no mistake about that!' "Have I, though ?” cried the boy : “But you wished him to come," re“what do you know about it?"

marked Pauly. “More than I like, Frank, I assure you. “I know; and a senseless fool I was to But go in and keep quiet.”

do it. He came up to spend Christmas, It was an order more easily given than and to see the world, and he has seen it, obeyed; but the tone of command in which with a vengeance!” the words were uttered was not without its “It is strange," said the other, “and so influence. Walking as steadily as he could, 'green' as he was when he came, too." poor Frank made his way to a sofa in the “And is still, spite of rows and tomdining-room, and, after a few feeble jests foolery,” replied Gibson. “I tell you, ever and unheeded calls for brandy, fell asleep. since that first night at Hudson's, when

Meanwhile the elder Gibson, or, as his two glasses of whisky-and-water made him " friends” called him, Gibbs, lounged wea- silly, he has been neither more nor less than rily in an easy-chair by the fire.

a disgusting idiot.” "I suppose,” said he, looking at his “ Why don't you send him back to his watch, " that our dear old Methodistical mamma ?” asked a young man who had friends down in the country are at this hitherto smoked his cigar in silence. moment on their knees ; for it is 'Watch- “Eh, sir ?” said Gibson, turning sharply night,' and on the stroke of twelve."

upon the speaker, “my mother is His companions laughed, and the young Dead, thank God!” said a voice from man, thus encouraged, proceeded to give the sofa. Oh, Harry, I did not think them a humorous description of the man- it would come to this!" ner in which he and Frank—both being The poor boy was awake. He had heard then, as he phrased it, “religious dogs”- all, and the hearing had sobered him. had been wont, in years past, to spend “ It would have broken my mother's heart," New Year's Night at their “maternal he went on bitterly, “to know that one of grandmother's." This occasioned much her sons led the other to the brink of ruin, mirth ; and the bursts of laughter which and then called him fool and idiot for followed every allusion to the venerable plunging in; so let us be very thankful Christian-whose memory would, for her that she is dead!” He ceased, and for a few own and his mother's sake, have been sacred minutes no one spoke; but at last, trying

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hard to shake off the heavy hand which at worthy-had pitied the younger because this moment conscience laid upon his soul, he was yet a novice in the ways of vicious Gibson said, “You are talking wildly." men? Had the guilt and folly of the last “ And speaking truth.”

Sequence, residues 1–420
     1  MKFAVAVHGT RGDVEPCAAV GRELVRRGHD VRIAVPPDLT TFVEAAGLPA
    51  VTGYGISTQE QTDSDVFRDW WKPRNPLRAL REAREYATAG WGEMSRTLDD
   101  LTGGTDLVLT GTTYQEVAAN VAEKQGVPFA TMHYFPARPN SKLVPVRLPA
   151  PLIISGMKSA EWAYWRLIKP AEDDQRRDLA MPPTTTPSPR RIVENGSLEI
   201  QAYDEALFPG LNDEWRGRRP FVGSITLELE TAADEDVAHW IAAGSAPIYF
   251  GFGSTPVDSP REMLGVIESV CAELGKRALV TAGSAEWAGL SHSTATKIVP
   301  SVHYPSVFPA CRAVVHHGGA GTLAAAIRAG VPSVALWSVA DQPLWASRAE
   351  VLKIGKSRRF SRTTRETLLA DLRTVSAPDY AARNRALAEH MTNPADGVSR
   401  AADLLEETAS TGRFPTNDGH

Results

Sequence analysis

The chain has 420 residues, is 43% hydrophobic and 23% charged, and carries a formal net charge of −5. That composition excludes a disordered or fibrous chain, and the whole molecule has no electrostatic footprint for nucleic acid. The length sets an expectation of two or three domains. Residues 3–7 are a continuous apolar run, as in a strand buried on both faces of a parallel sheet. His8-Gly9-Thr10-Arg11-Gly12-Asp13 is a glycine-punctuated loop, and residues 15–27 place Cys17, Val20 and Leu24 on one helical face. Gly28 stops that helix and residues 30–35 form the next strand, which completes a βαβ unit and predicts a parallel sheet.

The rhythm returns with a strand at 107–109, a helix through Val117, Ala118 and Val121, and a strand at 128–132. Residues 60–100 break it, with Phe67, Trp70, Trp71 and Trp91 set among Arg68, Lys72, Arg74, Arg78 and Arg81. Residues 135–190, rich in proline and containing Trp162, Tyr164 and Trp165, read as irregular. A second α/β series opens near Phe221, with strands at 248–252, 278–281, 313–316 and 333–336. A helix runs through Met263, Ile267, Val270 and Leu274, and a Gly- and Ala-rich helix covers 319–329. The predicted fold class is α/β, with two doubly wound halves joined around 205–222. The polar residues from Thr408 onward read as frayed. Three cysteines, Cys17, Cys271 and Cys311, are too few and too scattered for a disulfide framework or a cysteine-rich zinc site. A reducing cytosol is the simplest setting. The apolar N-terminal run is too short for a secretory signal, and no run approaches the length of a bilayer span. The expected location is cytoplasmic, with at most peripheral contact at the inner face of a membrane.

thirty days been real? And, if so, how " That may be so, but before too many could he meet her at the judgment-bar of witnesses. You can tell me to-morrow." God? “ To-morrow!” said Frank.

“ It is

This was Henry Gibson's Watch-night. Watch-night, and to-morrow is New Year's He sat there thinking until he dared Day, is it not? I will begin the New Year think no longer. Then, hiding his face on by going home.”

the pillow, he tried to pray. He had sinned “ You are unjust,” cried Henry. “I from the very first against God's light. A appeal to the others, who can yll bear wit- voice within had remonstrated and reness that I have tried hard to prevent your proved, but he had steadily refused to heed making such a fool of yourself.” His its warning. Now, he thought, retribubrother laughed.

tion had begun. What if the boy should “ Yes, that was all! I might be as be lost, altogether lost ! wicked as I pleased, so long as I 'fell in While these thoughts passed through with the fashion.' Why, you drink three the mind of the elder brother, Frank times as much as I; but you have the wit dreamed of home. His mother-so his to conceal your vice, while I, poor dupe ! fancy told him-was still alive, sitting once make myself, as you kindly observe, a fool. more, on the first morning of a new year, Oh, it is wonderful to see how cleverly you beside his bed, with her cool hand upon manage to sin without attracting more at- the brow which had always been given to tention than is consistent with what the aching. They were talking of Henry, and world calls respectability ; to drink deep, she was saying that he, Frank, would most and yet not be, in the world's opinion, a surely have a kind and wise protector in drunkard ; to delight in secret wickedness, his brother. Then he thought she was and yet have a reputation for strict mo- kneeling down and praying that her boy rality ; to decoy the young and compara- might turn out well, and crying a little tively innocent into the snares of the when she spoke of her own probable refowler, and then scorp them because they moval, not because she feared for herself, know'not how to conceal their degradation! but for him who had more than once deWonderful!"

clared that she could not, should not, must He sat down, looking keenly at one and not die! Poor Frank! he awoke at last to another, as if expecting a reply; but none find that it was not all a dream ; for there was offered. One by one, and in silence, were tears upon his pillow this New Year's the spectators of that sad contest went morning, and whispered prayers met his out, and the two miserable Gibsons were ear, as, with his face turned from his bro. left alone.